TEHRAN, IRAN — Iran’s official leading the nation’s response to the new coronavirus acknowledged Sunday the pandemic could overwhelm health facilities in his country, which is battling the worst outbreak in the Mideast while under heavy U.S. sanctions. Iran also reported 113 new deaths from the virus, bringing its death toll to 724.
Muslim authorities, meanwhile, announced that the Al-Aqsa mosque in east Jerusalem, the third holiest site in Islam, would be closed indefinitely due to concerns about the outbreak, with prayers continuing to be held on the sprawling esplanade outside.
Similar measures have been taken at the nearby Western Wall, the holiest place where Jews can pray, where outdoor prayers continue but only 10 people at a time are permitted in enclosed areas, in keeping with measures taken by the Israeli government.
Iran is battling one of the worst outbreaks outside China. The 113 new deaths reported on Sunday by the Health Ministry were the first time a daily reported death toll exceeded 100. The fatalities brought the country’s death toll to 724 so far, amid nearly 14,000 confirmed cases. The real number of infections could be even higher, as questions have been raised about the government’s transparency.
“If the trend continues, there will not be enough capacity,” Ali Reza Zali, who is leading the campaign against the outbreak, was quoted as saying earlier by the state-run IRNA news agency.
Iran is believed to have around 110,000 hospital beds, including 30,000 in the capital, Tehran. Authorities have pledged to set up mobile clinics as needed.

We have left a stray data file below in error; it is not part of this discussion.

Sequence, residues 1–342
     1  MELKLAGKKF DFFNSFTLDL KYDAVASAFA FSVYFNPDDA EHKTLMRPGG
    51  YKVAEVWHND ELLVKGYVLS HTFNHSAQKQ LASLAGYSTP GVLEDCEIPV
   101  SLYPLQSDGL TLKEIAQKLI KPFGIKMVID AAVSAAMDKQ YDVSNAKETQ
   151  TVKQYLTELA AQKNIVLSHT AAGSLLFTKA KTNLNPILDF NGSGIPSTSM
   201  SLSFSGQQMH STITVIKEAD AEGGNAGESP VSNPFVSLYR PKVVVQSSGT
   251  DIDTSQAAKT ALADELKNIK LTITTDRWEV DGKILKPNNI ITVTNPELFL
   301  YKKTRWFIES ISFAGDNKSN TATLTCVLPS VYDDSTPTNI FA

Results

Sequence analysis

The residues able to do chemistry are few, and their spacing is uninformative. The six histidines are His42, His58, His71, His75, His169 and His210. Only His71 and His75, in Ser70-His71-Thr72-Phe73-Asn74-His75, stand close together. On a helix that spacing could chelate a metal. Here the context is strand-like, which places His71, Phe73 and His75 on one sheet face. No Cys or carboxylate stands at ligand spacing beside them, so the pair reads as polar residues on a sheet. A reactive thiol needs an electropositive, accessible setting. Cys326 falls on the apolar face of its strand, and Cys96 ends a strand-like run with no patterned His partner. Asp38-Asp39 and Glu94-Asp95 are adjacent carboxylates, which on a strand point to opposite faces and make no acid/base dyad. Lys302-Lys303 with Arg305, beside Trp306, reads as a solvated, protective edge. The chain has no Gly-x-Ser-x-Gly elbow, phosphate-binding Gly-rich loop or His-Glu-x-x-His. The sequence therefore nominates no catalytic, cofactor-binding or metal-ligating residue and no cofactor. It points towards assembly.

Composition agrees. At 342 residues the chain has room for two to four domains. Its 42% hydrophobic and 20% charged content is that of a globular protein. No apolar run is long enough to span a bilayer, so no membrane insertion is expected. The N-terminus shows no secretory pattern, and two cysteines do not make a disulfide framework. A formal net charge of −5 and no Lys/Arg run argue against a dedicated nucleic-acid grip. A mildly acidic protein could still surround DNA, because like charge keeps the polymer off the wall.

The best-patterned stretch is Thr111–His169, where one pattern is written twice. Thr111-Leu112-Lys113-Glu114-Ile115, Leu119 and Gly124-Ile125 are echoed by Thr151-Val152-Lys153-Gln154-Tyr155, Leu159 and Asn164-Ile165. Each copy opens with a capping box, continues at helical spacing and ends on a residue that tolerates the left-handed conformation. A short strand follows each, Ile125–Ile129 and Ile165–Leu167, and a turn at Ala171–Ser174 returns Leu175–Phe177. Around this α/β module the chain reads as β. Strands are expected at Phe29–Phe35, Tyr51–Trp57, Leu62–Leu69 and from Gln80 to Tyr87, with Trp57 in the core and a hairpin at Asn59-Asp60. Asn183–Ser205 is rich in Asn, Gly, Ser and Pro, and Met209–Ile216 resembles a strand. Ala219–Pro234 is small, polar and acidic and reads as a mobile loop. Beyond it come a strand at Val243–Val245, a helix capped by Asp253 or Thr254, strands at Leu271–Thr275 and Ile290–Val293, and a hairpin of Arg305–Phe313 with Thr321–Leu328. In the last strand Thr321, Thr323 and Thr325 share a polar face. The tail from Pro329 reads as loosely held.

Zali also acknowledged that “many” of those who have died from the COVID-19 illness caused by the virus were otherwise healthy, a rare admission by local authorities that the virus does not only prey on the sick and elderly.
Health Ministry figures show that while 55% of fatalities were in their 60s, some 15% were younger than 40.
For most people, the virus causes only mild or moderate symptoms, such as fever and cough. For some, especially older adults and people with existing health problems, it can cause more severe illness, including pneumonia. Most people recover in a matter of weeks.
The virus has infected more than 150,000 people worldwide and killed more than 5,800. More than 70,000 people worldwide have recovered after being infected.
In Iran, the virus has infected a number of senior officials, including the senior vice-president, Cabinet ministers, members of parliament, Revolutionary Guard members and Health Ministry officials.
Authorities have nevertheless been slow to adopt measures taken by other hard-hit countries. Iranian President Hassan Rouhani on Sunday ruled out a general quarantine and said the government was working to keep the borders open.
Dalia Samhouri, a senior regional official with the World Health Organization, said both Iran and Egypt, two of the most populous countries in the Middle East, were likely underreporting cases because of the nature of the virus, which can be spread by individuals who show no visible symptoms. Egypt has reported 110 cases, including two fatalities.